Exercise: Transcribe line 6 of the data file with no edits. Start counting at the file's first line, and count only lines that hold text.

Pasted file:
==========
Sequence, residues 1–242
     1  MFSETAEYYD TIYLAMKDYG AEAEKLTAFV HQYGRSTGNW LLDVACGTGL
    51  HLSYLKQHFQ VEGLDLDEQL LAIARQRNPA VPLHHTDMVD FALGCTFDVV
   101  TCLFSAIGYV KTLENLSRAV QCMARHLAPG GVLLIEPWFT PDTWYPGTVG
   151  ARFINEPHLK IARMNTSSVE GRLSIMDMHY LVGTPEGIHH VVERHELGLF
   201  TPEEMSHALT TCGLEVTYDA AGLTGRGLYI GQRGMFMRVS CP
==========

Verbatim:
   201  TPEEMSHALT TCGLEVTYDA AGLTGRGLYI GQRGMFMRVS CP